FYI - FBI Warns That WordPress Faces Terrorist Attack Risk - The Federal Bureau of Investigation issued an alert on April 7 about the potential danger of Islamic State (ISIS) terrorists abusing vulnerabilities in the open-source WordPress blog and content management system software. http://www.eweek.com/blogs/security-watch/fbi-warns-that-wordpress-faces-terrorist-attack-risk.html

FYI - Wall St. Is Told to Tighten Digital Security of Partners - Wall Street’s oversight of cybersecurity measures at outside firms it does business with remains a work in progress, according to a review by New York State’s top financial regulator. http://www.nytimes.com/2015/04/09/business/dealbook/wall-st-is-told-to-tighten-digital-security-of-partners.html?_r=0

FYI - U.S. secretly tracked billions of calls for decades - The U.S. government started keeping secret records of Americans' international telephone calls nearly a decade before the Sept. 11 terrorist attacks, harvesting billions of calls in a program that provided a blueprint for the far broader National Security Agency surveillance that followed. http://www.usatoday.com/story/news/2015/04/07/dea-bulk-telephone-surveillance-operation/70808616/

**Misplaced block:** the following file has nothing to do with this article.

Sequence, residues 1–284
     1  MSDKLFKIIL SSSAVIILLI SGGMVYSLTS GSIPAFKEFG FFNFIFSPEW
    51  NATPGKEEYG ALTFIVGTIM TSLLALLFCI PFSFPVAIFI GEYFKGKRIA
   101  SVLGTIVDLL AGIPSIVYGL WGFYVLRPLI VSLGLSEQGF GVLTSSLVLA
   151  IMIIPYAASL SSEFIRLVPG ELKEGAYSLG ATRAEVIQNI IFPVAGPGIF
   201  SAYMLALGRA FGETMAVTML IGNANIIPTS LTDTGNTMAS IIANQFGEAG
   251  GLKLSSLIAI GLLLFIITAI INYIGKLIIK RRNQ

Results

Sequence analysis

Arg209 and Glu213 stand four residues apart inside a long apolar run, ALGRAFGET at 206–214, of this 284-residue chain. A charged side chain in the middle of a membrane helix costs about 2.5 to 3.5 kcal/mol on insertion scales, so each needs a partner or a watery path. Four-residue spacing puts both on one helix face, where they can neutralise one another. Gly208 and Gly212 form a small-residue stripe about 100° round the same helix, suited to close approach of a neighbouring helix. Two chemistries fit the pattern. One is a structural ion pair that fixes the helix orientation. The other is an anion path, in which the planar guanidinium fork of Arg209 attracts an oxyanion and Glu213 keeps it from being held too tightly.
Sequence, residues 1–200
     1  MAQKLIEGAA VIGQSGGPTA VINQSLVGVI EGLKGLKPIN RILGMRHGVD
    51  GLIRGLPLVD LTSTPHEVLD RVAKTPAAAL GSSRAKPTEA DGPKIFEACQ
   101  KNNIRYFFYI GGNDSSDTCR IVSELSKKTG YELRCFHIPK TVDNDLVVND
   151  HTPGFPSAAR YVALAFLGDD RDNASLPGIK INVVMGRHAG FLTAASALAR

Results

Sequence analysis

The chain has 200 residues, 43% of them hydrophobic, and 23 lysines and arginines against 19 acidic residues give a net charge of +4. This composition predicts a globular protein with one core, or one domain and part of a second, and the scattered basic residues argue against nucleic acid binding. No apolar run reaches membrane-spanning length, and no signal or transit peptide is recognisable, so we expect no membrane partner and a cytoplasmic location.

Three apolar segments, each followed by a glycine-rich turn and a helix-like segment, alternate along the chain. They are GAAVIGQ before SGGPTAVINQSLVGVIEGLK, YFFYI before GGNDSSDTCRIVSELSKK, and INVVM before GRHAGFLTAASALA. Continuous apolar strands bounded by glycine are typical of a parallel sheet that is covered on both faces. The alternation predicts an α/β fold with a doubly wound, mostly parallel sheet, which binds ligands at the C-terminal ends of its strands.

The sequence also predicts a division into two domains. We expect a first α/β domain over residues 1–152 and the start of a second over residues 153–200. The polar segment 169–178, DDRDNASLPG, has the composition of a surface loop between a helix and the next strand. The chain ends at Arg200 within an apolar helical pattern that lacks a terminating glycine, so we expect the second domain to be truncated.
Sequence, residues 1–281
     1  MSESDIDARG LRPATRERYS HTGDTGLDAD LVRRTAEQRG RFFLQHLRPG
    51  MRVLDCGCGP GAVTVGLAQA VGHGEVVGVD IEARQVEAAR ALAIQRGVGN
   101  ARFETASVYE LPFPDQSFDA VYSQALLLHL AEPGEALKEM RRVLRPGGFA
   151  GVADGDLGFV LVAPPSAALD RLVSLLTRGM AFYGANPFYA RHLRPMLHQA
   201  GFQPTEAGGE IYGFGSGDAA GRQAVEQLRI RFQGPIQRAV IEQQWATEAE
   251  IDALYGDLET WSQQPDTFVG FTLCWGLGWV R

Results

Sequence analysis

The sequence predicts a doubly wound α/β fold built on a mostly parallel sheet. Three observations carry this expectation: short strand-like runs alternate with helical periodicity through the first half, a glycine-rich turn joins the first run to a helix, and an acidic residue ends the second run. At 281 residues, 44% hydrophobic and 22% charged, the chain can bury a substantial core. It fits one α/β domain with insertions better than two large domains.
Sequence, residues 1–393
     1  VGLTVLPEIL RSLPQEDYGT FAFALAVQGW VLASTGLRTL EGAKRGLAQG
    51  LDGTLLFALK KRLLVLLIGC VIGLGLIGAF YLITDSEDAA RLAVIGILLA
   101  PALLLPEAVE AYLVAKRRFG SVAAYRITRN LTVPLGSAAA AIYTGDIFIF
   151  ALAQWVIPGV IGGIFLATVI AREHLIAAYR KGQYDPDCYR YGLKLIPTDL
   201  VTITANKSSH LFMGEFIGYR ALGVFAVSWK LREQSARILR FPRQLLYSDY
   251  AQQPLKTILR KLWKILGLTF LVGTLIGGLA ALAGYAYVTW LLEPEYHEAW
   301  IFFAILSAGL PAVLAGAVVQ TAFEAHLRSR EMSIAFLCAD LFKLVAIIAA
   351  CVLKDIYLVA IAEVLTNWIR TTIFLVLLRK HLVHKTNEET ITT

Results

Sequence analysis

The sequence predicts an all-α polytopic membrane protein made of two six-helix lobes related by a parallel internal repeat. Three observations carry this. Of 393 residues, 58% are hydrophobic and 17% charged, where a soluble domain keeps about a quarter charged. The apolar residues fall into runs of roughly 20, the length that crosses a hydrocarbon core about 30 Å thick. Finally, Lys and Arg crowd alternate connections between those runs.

FYI - 65 percent of online tax filers do so on open access WiFi network - Nearly half of Americans file their taxes online, and of those who do, 65 percent file them on an open access WiFi network, according to new research from Protect Your Bubble, an identity theft protection provider. http://www.scmagazine.com/protect-your-bubble-conducts-identity-fraud-practices-survey/article/408527/

FYI - Ninety percent of companies are vulnerable to cyber attacks, security experts say. The chances of another company suffering the devastating effects of a cyberattack like the one perpetrated on Sony last year are not as remote as we would like to believe, security researchers say. http://www.cnet.com/news/thousands-could-launch-sony-style-cyber-attack-says-ex-hacker/

FYI - GAO - FAA Needs a More Comprehensive Approach to Address Cybersecurity As Agency Transitions to NextGen. http://www.gao.gov/products/GAO-15-370

FYI - Hinkley to replace founder Grossman as WhiteHat CEO - WhiteHat has named Craig Hinkley as CEO, replacing company founder, Jeremiah Grossman, who has served as interim CEO since the departure of Stephanie Fohn in 2014. http://www.scmagazine.com/craig-hinkley-takes-helm-as-whitehat-ceo/article/409050/